African swine fever
African swine fever (ASF) is a viral disease that only impacts pigs. As it spreads around the globe, it poses a significant risk to the health of the Canadian swine herd, the pork industry and the Canadian economy. ASF can spread between pigs through both direct and indirect contact with other infected pigs or pig products, as well as contaminated farm equipment, feed and clothing.
- ASF has never been found in Canada
- ASF does not infect humans
- Canadian pork is safe to eat
In Canada, ASF is a reportable disease under the Health of Animals Act. All suspected cases must be reported to the CFIA.
African Swine Fever Forum
- Agriculture and Agri-Food Canada launches African Swine Fever prevention and preparedness program
- Government of Canada announces up to $45.3 million to enhance African swine fever prevention and preparedness
- Canada's National Centre for Foreign Animal Disease designated as a World Organization for Animal Health Reference Laboratory for African swine fever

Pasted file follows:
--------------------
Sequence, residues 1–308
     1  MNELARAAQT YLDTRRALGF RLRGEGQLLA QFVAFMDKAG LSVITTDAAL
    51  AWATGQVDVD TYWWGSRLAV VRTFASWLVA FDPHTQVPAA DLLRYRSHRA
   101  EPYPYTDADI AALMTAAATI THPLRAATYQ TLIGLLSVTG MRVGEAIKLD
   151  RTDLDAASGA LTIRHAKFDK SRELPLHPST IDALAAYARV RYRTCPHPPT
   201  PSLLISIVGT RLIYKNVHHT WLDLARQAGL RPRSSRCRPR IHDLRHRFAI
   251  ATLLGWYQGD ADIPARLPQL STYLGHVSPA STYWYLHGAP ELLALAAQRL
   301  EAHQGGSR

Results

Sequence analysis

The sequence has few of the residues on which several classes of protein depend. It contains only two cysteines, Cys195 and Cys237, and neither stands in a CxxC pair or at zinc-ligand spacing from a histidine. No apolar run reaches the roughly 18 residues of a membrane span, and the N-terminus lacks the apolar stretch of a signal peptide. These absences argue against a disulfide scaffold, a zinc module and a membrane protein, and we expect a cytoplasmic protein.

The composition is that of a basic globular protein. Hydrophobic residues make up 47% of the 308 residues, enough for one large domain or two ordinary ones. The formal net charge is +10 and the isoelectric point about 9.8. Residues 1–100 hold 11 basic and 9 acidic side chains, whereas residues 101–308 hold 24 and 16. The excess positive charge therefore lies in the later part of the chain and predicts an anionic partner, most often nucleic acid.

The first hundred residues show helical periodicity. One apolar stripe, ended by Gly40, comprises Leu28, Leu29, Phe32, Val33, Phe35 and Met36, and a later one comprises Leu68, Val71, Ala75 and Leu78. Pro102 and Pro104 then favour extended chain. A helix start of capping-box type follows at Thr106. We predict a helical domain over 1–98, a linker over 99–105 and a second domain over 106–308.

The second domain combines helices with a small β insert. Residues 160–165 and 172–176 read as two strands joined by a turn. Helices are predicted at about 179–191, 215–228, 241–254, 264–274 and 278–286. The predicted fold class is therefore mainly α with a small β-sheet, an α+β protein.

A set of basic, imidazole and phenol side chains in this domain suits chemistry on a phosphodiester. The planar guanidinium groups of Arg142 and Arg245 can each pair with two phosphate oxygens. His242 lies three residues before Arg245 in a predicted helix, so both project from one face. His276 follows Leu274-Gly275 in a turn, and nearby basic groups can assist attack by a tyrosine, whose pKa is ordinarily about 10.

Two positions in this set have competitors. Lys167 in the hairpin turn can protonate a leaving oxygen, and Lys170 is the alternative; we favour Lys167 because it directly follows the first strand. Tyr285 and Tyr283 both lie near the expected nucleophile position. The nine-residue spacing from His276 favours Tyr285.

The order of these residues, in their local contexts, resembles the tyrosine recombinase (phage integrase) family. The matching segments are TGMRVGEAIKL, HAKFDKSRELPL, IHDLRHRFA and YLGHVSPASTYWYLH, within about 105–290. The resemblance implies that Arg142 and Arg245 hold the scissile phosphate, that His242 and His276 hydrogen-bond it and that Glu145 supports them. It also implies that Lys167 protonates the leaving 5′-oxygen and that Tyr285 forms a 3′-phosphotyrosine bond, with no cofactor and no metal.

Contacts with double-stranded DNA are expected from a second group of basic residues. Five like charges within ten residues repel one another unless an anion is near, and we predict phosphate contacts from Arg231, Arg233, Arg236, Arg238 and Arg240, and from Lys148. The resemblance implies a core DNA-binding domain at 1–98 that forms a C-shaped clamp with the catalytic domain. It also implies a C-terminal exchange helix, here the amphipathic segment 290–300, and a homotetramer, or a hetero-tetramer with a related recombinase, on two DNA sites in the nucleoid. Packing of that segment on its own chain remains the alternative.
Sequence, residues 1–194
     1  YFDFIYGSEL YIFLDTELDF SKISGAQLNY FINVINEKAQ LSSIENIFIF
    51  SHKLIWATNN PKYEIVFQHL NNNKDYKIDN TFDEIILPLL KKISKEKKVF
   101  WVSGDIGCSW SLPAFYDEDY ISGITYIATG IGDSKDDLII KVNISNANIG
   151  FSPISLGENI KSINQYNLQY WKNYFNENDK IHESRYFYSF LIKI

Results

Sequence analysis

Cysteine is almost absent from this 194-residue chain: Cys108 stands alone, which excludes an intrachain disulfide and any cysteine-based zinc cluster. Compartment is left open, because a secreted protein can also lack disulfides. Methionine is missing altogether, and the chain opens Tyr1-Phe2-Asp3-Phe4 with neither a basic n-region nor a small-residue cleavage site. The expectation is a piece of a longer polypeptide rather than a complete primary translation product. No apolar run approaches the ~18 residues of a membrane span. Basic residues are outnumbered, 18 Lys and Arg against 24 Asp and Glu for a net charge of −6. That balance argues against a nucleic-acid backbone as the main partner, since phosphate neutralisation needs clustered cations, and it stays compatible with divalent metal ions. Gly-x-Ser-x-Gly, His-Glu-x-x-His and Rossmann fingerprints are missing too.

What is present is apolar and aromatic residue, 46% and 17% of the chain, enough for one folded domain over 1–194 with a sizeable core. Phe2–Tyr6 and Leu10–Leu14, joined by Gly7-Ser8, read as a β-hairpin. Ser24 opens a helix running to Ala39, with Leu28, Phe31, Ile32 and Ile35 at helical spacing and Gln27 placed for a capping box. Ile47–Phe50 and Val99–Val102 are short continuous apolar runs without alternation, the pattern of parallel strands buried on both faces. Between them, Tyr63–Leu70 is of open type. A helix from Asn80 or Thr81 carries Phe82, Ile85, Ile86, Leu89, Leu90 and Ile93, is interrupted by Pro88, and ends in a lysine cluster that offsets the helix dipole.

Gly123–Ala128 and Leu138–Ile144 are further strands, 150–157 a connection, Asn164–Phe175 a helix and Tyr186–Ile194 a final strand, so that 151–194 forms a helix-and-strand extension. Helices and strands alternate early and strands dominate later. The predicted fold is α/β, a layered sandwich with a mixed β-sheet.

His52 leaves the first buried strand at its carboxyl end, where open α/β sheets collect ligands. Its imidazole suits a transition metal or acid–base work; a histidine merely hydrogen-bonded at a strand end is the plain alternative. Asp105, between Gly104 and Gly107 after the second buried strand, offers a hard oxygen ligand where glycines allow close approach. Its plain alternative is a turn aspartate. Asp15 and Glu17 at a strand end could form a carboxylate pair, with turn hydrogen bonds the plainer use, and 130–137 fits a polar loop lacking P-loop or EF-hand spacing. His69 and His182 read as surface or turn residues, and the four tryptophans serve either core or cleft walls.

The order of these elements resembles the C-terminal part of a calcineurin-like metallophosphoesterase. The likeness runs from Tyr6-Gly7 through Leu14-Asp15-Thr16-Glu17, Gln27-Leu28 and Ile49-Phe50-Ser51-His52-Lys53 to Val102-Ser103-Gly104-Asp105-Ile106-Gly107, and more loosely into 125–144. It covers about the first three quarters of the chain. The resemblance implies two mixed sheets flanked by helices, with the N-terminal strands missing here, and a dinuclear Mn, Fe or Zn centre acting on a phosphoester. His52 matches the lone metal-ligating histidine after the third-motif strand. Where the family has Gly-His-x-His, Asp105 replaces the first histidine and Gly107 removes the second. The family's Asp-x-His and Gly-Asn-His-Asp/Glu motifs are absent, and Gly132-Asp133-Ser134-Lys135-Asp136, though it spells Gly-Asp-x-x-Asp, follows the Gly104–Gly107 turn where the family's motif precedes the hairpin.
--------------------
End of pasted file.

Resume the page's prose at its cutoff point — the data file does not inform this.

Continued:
- All statements and updates
Services and information
Government of Canada action
What the Government of Canada is doing to keep African Swine Fever from coming to Canada.
Consult the ASF fact sheet for answers to frequently asked questions.
What you can do to protect your pigs from African swine fever.
How you can prevent bringing contaminated food, clothing and equipment to Canada.
Import requirements for feed and live animals, animal products and by-products.
Take precautions if you come into contact with wild pigs.
Whether kept as pets or farm animals, all pigs are susceptible to African swine fever. Find out how to protect them from getting and spreading this serious pig disease.
Educating pig owners, providing guidance on biosecurity and identifying suspect cases of ASF.
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